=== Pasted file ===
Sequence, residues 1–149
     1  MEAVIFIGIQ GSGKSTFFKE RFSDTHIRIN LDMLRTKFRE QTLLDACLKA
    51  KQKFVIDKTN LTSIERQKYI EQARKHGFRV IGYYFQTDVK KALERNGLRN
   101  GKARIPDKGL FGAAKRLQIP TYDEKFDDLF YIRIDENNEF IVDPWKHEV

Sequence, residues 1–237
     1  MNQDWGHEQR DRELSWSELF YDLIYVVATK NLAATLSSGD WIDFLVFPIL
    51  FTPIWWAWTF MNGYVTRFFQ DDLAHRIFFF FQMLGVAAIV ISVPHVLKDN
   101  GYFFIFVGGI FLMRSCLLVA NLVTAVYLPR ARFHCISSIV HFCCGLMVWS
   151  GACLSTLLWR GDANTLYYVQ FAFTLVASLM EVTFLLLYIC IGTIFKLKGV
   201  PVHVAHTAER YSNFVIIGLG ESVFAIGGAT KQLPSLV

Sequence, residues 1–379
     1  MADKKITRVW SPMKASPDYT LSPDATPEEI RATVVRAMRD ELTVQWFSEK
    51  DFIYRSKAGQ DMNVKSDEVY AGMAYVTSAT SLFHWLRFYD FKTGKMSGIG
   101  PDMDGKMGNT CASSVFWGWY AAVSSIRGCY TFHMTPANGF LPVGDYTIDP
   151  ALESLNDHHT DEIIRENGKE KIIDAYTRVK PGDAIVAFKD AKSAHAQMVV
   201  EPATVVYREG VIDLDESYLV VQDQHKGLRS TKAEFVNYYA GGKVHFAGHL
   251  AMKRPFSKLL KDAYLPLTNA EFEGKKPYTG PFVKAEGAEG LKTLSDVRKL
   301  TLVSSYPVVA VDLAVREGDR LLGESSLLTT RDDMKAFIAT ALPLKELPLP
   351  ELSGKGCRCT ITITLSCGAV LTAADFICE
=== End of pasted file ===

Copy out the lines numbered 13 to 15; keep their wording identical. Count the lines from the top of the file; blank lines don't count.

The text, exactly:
    51  DFIYRSKAGQ DMNVKSDEVY AGMAYVTSAT SLFHWLRFYD FKTGKMSGIG
   101  PDMDGKMGNT CASSVFWGWY AAVSSIRGCY TFHMTPANGF LPVGDYTIDP
   151  ALESLNDHHT DEIIRENGKE KIIDAYTRVK PGDAIVAFKD AKSAHAQMVV